Elizabeth Warren's Win Changes Little: Street Whispers
NEW YORK (TheStreet) -- Consensus is that after Elizabeth Warren was elected as the next Senator for Massachusetts, the former Harvard Law School professor and figurehead of the Consumer Financial Protection Bureau will use her bully pulpit to dismantle Wall Street mega banks like Citigroup(C) and Bank of America(BAC) .
Were Warren to emerge in the Democratically controlled Senate as the chair of its Banking Subcommittee, many are already envisioning a crackdown that may pressure the likes of Citigroup, Bank of America and even JPMorgan Chase(JPM) to split investment banking businesses from consumer lending operations.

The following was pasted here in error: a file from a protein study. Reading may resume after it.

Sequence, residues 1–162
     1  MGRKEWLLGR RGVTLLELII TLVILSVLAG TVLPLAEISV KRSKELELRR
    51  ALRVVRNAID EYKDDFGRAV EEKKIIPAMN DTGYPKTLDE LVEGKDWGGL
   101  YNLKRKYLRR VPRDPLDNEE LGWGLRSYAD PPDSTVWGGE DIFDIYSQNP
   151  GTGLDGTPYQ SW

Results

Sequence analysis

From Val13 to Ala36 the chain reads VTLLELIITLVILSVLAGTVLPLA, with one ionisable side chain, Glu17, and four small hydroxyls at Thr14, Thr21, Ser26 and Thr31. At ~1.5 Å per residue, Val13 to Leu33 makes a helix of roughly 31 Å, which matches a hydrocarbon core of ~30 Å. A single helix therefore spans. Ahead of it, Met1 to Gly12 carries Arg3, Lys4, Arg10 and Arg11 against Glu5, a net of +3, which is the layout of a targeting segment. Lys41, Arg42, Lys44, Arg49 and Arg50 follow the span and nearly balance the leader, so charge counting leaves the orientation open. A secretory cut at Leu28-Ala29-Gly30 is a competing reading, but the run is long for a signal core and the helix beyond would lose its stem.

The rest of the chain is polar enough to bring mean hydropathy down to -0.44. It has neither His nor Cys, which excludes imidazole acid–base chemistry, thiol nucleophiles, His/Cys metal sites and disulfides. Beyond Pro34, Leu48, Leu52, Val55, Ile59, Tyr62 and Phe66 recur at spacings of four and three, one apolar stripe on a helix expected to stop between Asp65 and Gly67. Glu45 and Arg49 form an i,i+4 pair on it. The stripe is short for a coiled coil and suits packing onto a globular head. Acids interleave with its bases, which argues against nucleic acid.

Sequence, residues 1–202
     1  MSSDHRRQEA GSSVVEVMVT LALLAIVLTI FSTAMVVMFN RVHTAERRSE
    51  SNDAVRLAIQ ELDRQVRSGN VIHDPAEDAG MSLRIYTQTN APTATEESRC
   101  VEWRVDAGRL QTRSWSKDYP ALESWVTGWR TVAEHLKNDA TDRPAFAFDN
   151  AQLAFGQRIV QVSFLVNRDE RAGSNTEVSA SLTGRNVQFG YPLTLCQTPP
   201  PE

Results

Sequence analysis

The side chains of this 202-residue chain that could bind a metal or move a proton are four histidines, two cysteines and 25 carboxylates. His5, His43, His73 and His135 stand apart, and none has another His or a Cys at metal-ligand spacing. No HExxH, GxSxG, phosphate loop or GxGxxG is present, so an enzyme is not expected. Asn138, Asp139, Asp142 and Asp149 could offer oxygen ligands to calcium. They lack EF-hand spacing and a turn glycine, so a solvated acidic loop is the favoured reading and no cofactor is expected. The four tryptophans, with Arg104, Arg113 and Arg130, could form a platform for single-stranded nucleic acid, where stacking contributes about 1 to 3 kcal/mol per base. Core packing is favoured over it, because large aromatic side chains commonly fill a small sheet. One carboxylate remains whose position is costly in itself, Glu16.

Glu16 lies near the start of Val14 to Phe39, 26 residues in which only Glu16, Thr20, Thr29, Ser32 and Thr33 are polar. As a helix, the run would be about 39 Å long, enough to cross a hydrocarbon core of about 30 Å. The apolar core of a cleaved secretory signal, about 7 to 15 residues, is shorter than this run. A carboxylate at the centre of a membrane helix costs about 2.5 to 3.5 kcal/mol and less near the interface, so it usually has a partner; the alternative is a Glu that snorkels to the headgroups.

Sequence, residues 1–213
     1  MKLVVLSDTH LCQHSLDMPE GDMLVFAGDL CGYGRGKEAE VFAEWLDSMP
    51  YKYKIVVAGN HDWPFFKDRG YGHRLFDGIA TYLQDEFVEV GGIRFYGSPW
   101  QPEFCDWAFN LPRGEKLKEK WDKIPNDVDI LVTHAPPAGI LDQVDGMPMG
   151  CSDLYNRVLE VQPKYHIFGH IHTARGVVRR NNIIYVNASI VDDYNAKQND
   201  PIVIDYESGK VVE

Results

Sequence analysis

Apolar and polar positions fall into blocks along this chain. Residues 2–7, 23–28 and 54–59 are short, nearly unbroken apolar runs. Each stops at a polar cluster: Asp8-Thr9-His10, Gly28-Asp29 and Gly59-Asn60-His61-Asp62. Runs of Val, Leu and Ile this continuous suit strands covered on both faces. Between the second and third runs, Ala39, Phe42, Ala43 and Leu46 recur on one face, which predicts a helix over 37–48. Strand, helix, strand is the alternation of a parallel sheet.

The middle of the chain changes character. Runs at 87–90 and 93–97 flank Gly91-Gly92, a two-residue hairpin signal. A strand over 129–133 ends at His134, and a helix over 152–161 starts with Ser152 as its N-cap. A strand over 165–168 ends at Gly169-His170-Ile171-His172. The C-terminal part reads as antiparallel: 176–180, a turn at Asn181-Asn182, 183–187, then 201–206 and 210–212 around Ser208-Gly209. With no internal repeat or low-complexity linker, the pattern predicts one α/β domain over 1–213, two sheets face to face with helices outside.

Warren, after all, made it a point of her Senate pitch to Massachusetts voters that she'd consider reinstating the Glass Steagall Act, a post-Depression banking sector reform that split off investment banking from ordinary Main Street lending.
Meanwhile, former administration officials who played key roles in President Obama's first-term banking sector fixes and reforms say that a strong Election Day showing by Senate Democrats augur poorly for banks, while strengthening the mandate for reforms like the 2010 Dodd Frank Act
"Wins by Warren, Sherrod Brown & Grayson means bad day for the banks and a very good day for supporters of real regulatory reform," wrote Neil Barofsky, the former inspector general for the Treasury's Troubled Asset Relief Program, on Twitter.
But industry insiders may be overreacting to Warren's election, in favor of Republican Scott Brown, who was portrayed in a lengthy Businessweek profile as "Wall Street's hope to stop Elizabeth Warren."